Heading to the wind tunnel, and taking the compulsory snapshots of your products undergoing test, is now de-rigueur for cycling brands. Wheels started it, TT bikes and helmets followed and now even road bikes are sculpted in the tunnel. Hours spent in the tunnel are like a badge of honor in the cycling world. Specialized, like any major brand that likes to chase high performance and win bike races has certainly done their tunnel time. And thanks to last nights unveiling they will be logging more tunnel time than ever.
Raising the bar, changing the game, call it what you will Specialized bicycles has just unveiled their own wind tunnel, a five minute walk from their Morgan Hill HQ. This tunnel has been created as a bike specific tunnel from the moment pen hit paper. After developing bikes in tunnels designed for aerospace and motor sports Specialized engineers knew the changes they needed to make for bikes.
To create flow at human powered levels aerospace tunnels needed to essentially idle their fans as slowly as possible. This creates uneven flow during bike tests. Accuracy of measurement is also an issue, since the objects they typically test are much bigger and involve sometimes more than a thousand times the force a bike and rider will encounter. Every aspect of the Specialized tunnel is optimized for human speeds. The flow is designed to be incredibly clean and can run from zero to 100kilometers per hour. Six fans at the back of the tunnel pull air through the tunnel. At the front of the tunnel air is channeled through honeycomb tubes to clean it up, then passed though a tight mesh for further cleaning. The tunnel funnels down to a smaller diameter at the test section so air traveling 10mph at the inlet becomes 30mph at the test section and is cleaned up yet again. Smaller diameter is actually not a fair term since the test section is massive 30 long, 16 wide and 10 high. Specialized created it this size so they can actually test how aero changes in a pack of cyclists or riding next to a hedge or some tress. An added bonus is airflow is not affected, or blocked in aero terms, by close-set walls or ceiling. As the air runs out the back of the tunnel it widens again to slow the air at the fans and also runs across carefully sculpted dividers between the fans to ensure no airflow bounces back into the test section.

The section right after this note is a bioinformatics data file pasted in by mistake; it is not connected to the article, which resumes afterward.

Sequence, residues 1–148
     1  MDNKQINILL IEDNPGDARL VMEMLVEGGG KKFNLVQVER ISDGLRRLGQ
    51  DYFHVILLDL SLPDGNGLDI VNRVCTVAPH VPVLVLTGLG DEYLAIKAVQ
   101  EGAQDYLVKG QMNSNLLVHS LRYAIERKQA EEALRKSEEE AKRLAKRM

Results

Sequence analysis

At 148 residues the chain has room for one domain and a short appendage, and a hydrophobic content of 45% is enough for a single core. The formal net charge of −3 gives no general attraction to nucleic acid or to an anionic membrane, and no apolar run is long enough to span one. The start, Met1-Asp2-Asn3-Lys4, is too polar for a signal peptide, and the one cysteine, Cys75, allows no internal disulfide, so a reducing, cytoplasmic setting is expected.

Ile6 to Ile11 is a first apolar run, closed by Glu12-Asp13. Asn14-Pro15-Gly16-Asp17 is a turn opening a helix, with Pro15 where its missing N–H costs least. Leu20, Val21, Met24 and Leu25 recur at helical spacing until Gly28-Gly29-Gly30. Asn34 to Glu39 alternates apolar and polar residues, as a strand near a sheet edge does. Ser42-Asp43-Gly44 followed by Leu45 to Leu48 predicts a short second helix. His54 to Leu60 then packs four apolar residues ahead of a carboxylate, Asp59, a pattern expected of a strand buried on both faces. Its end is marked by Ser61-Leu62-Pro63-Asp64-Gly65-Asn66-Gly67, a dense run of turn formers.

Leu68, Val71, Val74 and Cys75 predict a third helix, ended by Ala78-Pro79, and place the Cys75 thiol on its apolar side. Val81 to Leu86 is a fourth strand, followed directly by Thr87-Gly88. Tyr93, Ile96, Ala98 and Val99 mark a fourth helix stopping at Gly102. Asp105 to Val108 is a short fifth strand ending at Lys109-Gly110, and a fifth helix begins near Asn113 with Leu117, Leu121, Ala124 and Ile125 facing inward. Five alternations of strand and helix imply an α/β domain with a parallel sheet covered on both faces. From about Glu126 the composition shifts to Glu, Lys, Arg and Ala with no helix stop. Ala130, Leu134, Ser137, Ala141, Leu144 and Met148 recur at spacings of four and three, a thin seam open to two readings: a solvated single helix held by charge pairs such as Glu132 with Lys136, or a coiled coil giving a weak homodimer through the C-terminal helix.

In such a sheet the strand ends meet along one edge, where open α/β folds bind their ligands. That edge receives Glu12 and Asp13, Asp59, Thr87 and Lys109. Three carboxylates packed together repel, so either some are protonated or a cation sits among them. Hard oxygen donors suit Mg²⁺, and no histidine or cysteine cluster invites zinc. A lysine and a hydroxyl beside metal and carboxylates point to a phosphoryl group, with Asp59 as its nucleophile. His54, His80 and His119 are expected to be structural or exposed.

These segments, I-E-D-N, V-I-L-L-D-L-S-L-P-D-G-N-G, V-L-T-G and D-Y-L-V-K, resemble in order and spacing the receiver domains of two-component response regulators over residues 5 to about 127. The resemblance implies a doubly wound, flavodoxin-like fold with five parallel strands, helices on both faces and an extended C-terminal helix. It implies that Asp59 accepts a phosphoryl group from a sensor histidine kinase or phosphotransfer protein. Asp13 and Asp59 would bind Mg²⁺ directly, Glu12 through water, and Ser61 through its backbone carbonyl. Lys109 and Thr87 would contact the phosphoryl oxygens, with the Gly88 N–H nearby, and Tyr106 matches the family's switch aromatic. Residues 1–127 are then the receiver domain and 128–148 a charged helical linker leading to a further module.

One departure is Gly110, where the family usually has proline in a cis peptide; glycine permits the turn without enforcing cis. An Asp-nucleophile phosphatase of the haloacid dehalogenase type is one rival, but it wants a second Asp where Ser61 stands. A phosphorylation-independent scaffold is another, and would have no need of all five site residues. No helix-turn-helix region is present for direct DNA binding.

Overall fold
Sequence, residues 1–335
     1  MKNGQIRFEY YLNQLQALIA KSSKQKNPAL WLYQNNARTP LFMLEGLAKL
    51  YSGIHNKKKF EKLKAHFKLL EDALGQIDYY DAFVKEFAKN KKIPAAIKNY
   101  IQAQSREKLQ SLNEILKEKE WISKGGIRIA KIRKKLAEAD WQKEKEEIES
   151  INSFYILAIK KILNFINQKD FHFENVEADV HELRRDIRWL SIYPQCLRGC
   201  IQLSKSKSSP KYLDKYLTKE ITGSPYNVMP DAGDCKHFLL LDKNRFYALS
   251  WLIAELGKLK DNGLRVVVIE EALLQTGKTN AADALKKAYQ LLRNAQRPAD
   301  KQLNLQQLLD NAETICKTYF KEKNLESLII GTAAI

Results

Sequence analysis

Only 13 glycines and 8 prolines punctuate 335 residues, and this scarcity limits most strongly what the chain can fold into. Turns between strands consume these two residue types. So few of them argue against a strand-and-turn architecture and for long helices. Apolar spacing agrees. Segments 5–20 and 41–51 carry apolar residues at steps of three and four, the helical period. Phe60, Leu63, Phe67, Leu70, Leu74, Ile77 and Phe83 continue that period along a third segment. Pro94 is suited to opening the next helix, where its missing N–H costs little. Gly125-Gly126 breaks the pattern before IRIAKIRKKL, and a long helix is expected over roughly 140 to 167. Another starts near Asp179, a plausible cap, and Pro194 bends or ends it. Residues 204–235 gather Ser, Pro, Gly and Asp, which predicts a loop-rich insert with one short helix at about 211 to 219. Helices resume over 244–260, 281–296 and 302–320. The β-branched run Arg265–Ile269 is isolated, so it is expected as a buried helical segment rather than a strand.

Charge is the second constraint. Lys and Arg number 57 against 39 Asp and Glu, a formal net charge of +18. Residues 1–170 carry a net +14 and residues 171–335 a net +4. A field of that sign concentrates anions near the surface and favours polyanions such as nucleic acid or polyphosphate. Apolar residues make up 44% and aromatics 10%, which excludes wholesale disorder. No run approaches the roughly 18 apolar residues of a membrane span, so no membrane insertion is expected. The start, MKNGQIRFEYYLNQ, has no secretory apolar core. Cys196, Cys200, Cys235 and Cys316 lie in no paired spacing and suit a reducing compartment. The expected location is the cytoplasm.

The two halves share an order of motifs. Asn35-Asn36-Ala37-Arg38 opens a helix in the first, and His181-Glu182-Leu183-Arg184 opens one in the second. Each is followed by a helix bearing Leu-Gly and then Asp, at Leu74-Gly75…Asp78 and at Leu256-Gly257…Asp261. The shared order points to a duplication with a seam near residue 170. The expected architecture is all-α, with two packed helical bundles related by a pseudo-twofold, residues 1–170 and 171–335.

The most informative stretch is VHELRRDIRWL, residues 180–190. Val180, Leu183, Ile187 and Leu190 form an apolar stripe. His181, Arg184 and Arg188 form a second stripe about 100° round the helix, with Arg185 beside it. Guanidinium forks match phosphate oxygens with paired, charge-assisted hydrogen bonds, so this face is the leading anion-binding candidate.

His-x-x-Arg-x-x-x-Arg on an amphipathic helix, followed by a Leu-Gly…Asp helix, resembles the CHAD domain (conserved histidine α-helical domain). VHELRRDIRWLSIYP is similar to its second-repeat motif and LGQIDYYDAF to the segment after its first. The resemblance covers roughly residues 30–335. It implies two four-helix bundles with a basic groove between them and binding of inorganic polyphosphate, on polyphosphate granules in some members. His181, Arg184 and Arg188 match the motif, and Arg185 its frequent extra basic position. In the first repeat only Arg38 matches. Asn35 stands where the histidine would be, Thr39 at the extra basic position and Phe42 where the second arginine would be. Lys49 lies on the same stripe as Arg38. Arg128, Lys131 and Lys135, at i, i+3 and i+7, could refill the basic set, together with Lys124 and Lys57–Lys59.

Having created the cleanest airflow possible at human powered speeds Specialized needed to be able to measure its effects with incredible accuracy. The force balance, essentially a scale turned on its side, the bike is attached to occupies the six feet of space between the wind tunnel floor and the buildings floor. It is completely isolated form the rest of the tunnel and incredibly accurate. New Specialized aerodynamicist, Chirs Yu, likens its accuracy to a bathroom scale with the ability to determine if you are holding a 1gram paperclip as you jump up and down on it. Like other wind tunnels it can be turned to simulate crosswinds. In fact the tunnel, while the flow is designed to be perfect, can simulate the chaotic, real world wind shifts of a blustery day.
As important to Specialized as these two major points were – design for human speeds and the ability to accurately measure force at those speeds – they had another major requirement. Proximity. With the travel a big part of tunnel testing Specialized engineers would burn weeks prepping products and designing protocols knowing their time in the tunnel would be very limited. With their tunnel now only a short walk away they can dream up a concept on Monday, computer model it, rapid prototype it, manufacture it, validate it in the tunnel and be riding it by Friday. This type of rapid product development has previously been seen only in F1 according to Specializeds Mark Cote, an MIT educated aerodynamicist.
Specialized has long been using CFD (Computational Fluid Dynamicts) and real world telemetry as a part of their aero research and development. Specialized believes the wind tunnel is what brings these two tools together to complete the aero R&D picture. Its an R&D picture Specialized sees including much more than performance road or triathlon. They have had their cross country mountain bike athletes in the tunnel as well as down hill mountain bikers. They believe there are aero changes that can even improve commuting. Fit has been a big part of Specializeds plans for many years now and the tunnel has a role to play here as well. The entire control room is set up like a classroom to help their dealers better understand how fit and aerodynamics work together.
Specialized has made a habit of forcing other companies to play catch up, from courting big name riders like Contador directly, irrespective of team, to sponsoring three WorldTour teams simultaneously, and this wind tunnel is no different. Its a bold move, and like the other examples, must have been incredibly expensive. We are likely to see their development cycle ramp up significantly and more and more products released with thoroughly aerodynamic pedigree. How the rest of the industry reacts to this move remains to be seen, but if the engineers have anything to say about it, this wont be the only bike specific wind tunnel launched by a major brand.